They're mostly described by dimensions of different parts.

elonin
2012-09-05, 08:25 PM
Most real Katanas in the real world would be a bit short of being a true long sword for two reasons. Unless custom made for a westerner (or factory junk) they would have been sized for the purchaser. So if you have normal american/euro sized arms they would be too short for you. Also long swords do not have the curve and Katanas do.

Most dm's i've played with have used masterwork bastard sword stats to approximate Katanas, which seems OK to me with the tests that have been conducted showing the higher damage potential vs long swords.

Zadhadras
2012-09-05, 09:43 PM
NO. Sharpness is very effective to the use of a sword. But most swords are not made to THEMSELVES handle sharpness. They either can't hold an edge or they break. Sharpen a longsword to the keenness of a katana, it will cut way better. However, it will snap in half the moment it comes into contact with another weapon. A katana can have in excess of 1600 parallel layers of steel in the blade. It can HOLD a keen edge, which is why it can cut through anything but plate armor like butter.*

No. Longsword has superior metallurgy to Katanas, being through hardened martensite blades. Folding does not make a blade stronger, it actually makes a blade weaker due to microscopic imperfections between the folds. But if you had poor steel, its neccessary. European smiths were employing the folding techniques and other techniques of pattern welding long before the Japanese, and abandoned them once Europe could mass produce decent quality steel from blast furnaces.

Katanas could not cut armour, and certainly would not penetrate stiffened leather, scale armour or mail. I would love for you to go onto Sword Forum International and Sword Buyers Guide webforums, where antique sword collectors and swordsmiths go and make that claim.


Furthermore, longswords could be sharpened to the same level as a katana, held very keen edges, were the same weight as a katana, but had better handling due to the way weight was distributed on the blade. They could indeed cut a torso in half with a single blow, and somewhere on youtube is a guy with a longsword (and, an injured shoulder I might add) cutting a deer torso in half.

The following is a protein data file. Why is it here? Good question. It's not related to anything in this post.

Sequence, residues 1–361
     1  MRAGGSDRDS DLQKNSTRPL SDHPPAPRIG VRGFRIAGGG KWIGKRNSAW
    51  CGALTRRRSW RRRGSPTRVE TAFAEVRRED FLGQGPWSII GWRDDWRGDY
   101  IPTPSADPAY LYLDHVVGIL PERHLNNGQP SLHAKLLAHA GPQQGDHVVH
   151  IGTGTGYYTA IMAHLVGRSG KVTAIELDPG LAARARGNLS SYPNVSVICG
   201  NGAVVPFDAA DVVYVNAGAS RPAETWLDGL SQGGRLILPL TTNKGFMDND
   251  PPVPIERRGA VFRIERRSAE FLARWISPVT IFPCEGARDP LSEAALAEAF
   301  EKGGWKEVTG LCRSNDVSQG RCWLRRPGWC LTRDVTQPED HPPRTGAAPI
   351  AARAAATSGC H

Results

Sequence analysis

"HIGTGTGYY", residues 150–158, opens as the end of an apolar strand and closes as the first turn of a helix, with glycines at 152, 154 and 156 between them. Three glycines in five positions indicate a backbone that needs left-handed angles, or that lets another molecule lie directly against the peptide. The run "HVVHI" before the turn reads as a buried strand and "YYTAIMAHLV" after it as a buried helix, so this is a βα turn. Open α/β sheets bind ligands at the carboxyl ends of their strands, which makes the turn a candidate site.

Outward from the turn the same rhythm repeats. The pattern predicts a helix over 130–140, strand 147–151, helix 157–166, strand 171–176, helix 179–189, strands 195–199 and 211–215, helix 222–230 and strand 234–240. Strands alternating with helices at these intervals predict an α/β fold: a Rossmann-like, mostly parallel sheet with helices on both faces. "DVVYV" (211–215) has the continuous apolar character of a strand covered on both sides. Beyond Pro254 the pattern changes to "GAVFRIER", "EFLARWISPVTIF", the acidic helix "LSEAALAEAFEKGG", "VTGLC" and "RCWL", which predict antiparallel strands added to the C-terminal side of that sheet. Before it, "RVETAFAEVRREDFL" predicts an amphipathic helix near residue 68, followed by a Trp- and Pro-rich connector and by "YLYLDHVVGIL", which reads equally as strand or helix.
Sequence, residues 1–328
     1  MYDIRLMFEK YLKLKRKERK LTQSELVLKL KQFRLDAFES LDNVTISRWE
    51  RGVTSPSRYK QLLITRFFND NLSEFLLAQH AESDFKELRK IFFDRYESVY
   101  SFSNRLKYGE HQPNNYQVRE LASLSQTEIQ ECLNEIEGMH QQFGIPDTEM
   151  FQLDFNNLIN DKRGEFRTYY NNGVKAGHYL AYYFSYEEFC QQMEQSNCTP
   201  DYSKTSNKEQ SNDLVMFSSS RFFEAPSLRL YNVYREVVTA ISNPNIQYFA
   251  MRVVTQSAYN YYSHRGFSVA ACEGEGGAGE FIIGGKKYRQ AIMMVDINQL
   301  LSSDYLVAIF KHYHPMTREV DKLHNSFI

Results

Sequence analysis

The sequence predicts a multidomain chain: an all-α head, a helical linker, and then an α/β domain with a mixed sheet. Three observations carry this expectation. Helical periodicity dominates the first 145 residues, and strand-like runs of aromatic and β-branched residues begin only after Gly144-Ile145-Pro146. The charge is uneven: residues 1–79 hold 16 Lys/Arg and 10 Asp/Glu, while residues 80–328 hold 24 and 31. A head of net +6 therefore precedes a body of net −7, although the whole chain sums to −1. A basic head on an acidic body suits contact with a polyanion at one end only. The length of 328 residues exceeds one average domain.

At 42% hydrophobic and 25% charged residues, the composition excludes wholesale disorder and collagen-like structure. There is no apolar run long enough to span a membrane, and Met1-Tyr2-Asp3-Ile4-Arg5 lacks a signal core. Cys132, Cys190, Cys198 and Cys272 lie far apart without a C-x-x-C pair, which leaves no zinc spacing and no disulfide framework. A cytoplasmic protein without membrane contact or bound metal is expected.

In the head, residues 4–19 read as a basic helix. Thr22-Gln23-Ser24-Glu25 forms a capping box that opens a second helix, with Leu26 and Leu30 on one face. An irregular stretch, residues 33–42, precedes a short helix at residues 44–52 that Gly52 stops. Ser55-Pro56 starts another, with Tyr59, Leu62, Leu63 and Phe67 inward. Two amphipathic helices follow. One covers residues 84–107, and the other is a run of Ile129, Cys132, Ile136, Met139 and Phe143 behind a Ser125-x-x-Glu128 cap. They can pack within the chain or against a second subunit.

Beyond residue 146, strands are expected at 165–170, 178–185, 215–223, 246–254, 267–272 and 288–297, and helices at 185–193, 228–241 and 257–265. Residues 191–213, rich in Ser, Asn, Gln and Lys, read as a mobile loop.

Zadhadras
2012-09-05, 10:00 PM
However, you are horrible wrong with the regards to a katana's quality. The Japanese where one of the first cultures in the world to make and use STEEL. Katanas are steel weapons, and in the height of the Middle Ages steel was more common in Japan than it was in Europe. The first steel in Japan was usually meteoric. However, the Japanese were one of the first to developed ways to roughly replicate meteoric steel. Furthermore, the very technique by which a katana is forged forces a large amount of impurities out of the metal, generally increasing its quality. Combine with the fact that the forging technique makes the blade incredibly strong compared to any blade of similar thickness, katanas are incredible well-made weapons.

No. the Japanese came late to the steel making game..Europeans and Mainland Asians had been making steel for many centuries prior to the Japanese. Japanese steel making was actually quite crude compared to the sophisticated metallurgy elsewhere.